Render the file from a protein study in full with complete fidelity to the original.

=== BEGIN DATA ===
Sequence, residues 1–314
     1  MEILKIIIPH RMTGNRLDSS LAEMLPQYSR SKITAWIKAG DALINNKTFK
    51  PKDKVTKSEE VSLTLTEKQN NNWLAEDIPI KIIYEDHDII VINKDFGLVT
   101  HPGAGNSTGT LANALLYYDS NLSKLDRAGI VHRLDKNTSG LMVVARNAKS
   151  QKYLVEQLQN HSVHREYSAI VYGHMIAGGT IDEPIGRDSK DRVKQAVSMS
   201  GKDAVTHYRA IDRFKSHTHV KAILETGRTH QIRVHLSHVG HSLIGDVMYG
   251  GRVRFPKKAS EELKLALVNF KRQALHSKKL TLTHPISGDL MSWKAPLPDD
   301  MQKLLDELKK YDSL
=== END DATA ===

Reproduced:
Sequence, residues 1–314
     1  MEILKIIIPH RMTGNRLDSS LAEMLPQYSR SKITAWIKAG DALINNKTFK
    51  PKDKVTKSEE VSLTLTEKQN NNWLAEDIPI KIIYEDHDII VINKDFGLVT
   101  HPGAGNSTGT LANALLYYDS NLSKLDRAGI VHRLDKNTSG LMVVARNAKS
   151  QKYLVEQLQN HSVHREYSAI VYGHMIAGGT IDEPIGRDSK DRVKQAVSMS
   201  GKDAVTHYRA IDRFKSHTHV KAILETGRTH QIRVHLSHVG HSLIGDVMYG
   251  GRVRFPKKAS EELKLALVNF KRQALHSKKL TLTHPISGDL MSWKAPLPDD
   301  MQKLLDELKK YDSL